Pedestrians along Expressway Arterial Roads

Repeal San Jose Municipal Code #11.32.070:
Prohibition of pedestrians along expressway arterial roads

Akos Szoboszlay, President
Modern Transit Society
Original: Dec. 9, 1992; Last updated: Jan. 9, 2007.

Signs banning sidewalk use along Lawrence Expressway (shown) in 2003.

Executive Summary

Expressways in Santa Clara County are not freeways, as previously claimed by County highway staff. They are arterial roads, as has finally been recognized by the County Expressway Master Plan. Most have 45 mph speed limits, and range from 35 to 50 mph. This is within the speed limit range of arterial roads -- which can be up to 55 mph -- such as Monterey Road in San Jose. Expressways were mostly existing roads with a name change to expressway in the 1960s and 1970s, when they added paved shoulders that were a great improvement for bicyclists and pedestrians. Non-motorists were often banned even with no change in the speed limit (e.g., 45 mph on Capitol Avenue).

All cities repealed all bicycle bans (1980-1991) on expressways and most cities repealed pedestrian bans (1982-2003). Logic and truth won out over the scare tactics used by County highway staff and many city staffs, who had taken to posting of "bicycles and pedestrians prohibited" signs -- often illegally -- as a cheap alternative to relocating bicycle and pedestrian facilities when adding more traffic lanes.

The San Jose ordinance makes no exception for pedestrian use of sidewalks, pedestrian paths, wide shoulders and bus stops along expressways and has a clause that requires posting of "pedestrians prohibited" signs even for these facilities. Despite that, two expressways (Almaden and Montague) never had "pedestrians prohibited" signs. Neither did Southwest which is a "city expressway." Neither do any of the regular arterial roads having the same speed limits. At our efforts, Capitol (in 1997) and Lawrence (in 2003) had "pedestrians prohibited" signs removed, at least on one side. Both have sidewalks today.

Today, only San Tomas has "pedestrians prohibited" signs on both sides of the road in San Jose. This is despite the fact it has excellent pedestrian paths most of the way. [See photos and maps of San Tomas.] In addition, it also has wide shoulders -- usually 9 feet wide -- which are recognized to be safe for pedestrians by the County Expressway Master Plan. To encourage pedestrians and transit use, compliance is needed with the Board order to create pedestrian paths along San Tomas, which has 12 feet, typically, between the curb and the property line. That is plenty of room, considering most sidewalks are 5 feet wide, and a path can be 2 or 3 feet wide. The length of San Tomas in San Jose is 1.75 miles. (The only other expressway with "pedestrians prohibited" signs on both sides is not in San Jose. It is Foothill in north County.)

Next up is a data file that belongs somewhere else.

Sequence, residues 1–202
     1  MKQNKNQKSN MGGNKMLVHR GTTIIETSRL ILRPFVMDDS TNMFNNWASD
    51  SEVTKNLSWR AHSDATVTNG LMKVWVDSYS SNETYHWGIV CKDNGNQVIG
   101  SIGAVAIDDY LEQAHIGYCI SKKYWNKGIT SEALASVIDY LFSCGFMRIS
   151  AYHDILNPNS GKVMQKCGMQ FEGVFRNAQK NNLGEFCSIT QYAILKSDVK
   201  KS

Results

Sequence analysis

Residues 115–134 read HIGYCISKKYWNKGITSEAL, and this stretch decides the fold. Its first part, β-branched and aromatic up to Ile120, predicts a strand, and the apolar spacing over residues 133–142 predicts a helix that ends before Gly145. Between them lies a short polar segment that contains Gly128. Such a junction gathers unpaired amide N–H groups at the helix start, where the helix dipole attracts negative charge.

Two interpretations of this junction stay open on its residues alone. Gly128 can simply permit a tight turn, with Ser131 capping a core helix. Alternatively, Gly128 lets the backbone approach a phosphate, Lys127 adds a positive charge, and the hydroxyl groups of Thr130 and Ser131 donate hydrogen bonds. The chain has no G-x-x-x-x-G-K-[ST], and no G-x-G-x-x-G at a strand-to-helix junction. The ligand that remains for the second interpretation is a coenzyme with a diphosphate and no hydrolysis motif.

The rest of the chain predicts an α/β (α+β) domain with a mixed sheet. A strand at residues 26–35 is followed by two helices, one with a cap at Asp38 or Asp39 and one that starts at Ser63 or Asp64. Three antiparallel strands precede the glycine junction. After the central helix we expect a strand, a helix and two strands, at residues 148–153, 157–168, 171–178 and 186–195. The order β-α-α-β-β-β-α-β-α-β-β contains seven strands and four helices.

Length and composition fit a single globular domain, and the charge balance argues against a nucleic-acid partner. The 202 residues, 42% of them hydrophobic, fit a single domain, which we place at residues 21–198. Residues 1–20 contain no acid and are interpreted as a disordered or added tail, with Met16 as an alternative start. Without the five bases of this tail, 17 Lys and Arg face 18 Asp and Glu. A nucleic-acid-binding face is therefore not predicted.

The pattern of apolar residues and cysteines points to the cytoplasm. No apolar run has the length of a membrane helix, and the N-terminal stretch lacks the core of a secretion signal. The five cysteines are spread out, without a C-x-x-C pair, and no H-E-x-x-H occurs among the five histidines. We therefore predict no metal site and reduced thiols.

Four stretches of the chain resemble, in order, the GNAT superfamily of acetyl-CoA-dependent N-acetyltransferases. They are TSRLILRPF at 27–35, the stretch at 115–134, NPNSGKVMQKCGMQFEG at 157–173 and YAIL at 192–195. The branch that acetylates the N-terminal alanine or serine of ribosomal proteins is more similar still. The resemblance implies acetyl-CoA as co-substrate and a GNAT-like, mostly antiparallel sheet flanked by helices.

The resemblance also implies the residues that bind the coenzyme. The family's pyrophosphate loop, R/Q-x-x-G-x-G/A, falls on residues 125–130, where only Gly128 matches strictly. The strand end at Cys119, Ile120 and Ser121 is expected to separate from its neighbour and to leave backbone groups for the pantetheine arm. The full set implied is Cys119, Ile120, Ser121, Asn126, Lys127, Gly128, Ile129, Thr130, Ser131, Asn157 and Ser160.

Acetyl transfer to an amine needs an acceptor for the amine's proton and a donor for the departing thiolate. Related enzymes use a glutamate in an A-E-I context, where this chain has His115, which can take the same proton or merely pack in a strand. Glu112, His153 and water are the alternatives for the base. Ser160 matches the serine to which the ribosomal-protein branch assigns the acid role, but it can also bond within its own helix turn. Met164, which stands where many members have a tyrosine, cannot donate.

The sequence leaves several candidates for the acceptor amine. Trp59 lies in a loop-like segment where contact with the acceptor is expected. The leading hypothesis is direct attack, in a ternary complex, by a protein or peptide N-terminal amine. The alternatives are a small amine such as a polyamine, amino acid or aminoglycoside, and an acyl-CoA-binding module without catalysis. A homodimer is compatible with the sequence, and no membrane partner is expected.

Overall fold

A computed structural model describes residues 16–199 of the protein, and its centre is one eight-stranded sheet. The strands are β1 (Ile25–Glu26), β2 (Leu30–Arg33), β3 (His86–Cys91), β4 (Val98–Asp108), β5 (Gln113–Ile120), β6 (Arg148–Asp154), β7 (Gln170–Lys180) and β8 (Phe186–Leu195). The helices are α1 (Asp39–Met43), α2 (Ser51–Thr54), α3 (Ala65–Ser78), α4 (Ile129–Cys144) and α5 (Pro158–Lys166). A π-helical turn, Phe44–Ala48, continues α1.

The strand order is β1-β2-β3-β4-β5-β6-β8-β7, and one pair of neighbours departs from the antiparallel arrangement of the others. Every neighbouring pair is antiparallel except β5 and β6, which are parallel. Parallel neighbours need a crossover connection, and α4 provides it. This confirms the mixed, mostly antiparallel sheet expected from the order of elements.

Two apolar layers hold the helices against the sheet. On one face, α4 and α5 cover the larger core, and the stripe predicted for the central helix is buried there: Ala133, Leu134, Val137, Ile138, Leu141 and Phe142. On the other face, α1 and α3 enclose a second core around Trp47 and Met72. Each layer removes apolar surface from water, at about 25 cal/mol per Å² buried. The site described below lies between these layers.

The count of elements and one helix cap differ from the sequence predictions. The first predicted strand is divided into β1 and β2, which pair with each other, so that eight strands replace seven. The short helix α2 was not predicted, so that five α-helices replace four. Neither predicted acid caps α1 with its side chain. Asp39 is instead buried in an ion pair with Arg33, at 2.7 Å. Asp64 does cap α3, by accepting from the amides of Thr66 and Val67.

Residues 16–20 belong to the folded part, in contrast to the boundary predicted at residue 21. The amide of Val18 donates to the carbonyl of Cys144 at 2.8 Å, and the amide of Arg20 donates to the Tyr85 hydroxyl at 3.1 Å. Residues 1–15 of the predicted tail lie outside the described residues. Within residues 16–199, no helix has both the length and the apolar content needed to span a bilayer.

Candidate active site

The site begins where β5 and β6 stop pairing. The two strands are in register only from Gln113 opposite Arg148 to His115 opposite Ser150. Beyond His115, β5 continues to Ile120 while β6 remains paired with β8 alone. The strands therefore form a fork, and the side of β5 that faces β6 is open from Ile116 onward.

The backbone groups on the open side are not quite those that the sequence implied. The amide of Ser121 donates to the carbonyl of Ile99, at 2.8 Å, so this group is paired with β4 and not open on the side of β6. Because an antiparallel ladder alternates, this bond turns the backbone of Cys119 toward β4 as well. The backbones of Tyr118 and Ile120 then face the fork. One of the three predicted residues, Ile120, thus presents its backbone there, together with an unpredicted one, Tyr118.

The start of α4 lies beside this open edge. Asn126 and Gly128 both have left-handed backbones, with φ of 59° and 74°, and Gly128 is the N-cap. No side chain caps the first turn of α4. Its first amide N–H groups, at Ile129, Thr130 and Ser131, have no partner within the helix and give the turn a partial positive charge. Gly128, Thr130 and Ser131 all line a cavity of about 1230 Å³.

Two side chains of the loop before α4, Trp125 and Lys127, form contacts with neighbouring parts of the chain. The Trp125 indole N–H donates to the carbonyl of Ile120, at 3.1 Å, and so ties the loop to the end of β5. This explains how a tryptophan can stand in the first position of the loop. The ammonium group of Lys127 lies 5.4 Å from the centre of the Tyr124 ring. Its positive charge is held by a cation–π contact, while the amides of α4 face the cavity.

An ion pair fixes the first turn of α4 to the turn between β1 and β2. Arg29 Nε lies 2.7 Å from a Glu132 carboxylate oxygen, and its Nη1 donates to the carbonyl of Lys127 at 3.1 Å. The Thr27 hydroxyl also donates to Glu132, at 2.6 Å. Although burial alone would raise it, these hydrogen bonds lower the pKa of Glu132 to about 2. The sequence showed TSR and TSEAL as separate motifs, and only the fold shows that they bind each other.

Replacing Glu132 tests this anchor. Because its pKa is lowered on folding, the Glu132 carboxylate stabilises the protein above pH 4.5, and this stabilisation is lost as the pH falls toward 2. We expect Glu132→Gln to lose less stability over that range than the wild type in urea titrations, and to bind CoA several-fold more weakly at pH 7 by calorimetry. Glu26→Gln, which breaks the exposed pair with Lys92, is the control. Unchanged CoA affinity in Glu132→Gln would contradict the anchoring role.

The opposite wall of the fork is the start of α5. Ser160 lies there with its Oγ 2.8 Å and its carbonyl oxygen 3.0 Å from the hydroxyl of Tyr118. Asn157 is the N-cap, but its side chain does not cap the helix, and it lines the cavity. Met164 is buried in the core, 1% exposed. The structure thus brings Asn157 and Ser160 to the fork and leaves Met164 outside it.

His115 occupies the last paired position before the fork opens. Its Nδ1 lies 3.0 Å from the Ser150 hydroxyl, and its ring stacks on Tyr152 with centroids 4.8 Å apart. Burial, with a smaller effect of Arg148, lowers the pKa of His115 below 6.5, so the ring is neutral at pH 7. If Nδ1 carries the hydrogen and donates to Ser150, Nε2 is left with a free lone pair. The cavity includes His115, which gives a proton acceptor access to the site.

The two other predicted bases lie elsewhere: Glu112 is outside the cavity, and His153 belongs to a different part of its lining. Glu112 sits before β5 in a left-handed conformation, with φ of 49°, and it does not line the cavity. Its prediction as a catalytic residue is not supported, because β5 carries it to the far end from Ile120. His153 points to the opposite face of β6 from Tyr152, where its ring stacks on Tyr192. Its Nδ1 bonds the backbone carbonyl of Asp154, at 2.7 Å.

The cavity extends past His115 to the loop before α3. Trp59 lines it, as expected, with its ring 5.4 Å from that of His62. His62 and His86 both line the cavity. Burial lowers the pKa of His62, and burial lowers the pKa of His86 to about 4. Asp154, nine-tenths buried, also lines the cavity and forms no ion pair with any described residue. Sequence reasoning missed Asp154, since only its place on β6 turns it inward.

In 1989, the San Jose City Council unanimously repealed the bicycle prohibition on all expressways despite vigorous -- and vicious -- opposition by its traffic engineering and city staff. [Details in Despite Unanimous San Jose City Council Vote, the Struggle was Not Over]. At the same time, the ordinance was brought into compliance with State law, and pedestrians were allowed on 4 of the 6 expressways by the revised ordinance, while still being prohibited on the two with the best pedestrian facilities (San Tomas and Lawrence). [See why this came about.]

The San Jose prohibitory ordinance contradicts recent policies of VTA, the County Supervisors, FHWA, Caltrans, Vehicle Code 21949, and State Legislative Resolution ACR 211. The ordinance discourages walking and transit use by forcing large walking detours. The ordinance increases danger because these detours force crossings of many extra intersections, where most pedestrian crashes occur. It needs a prompt repeal.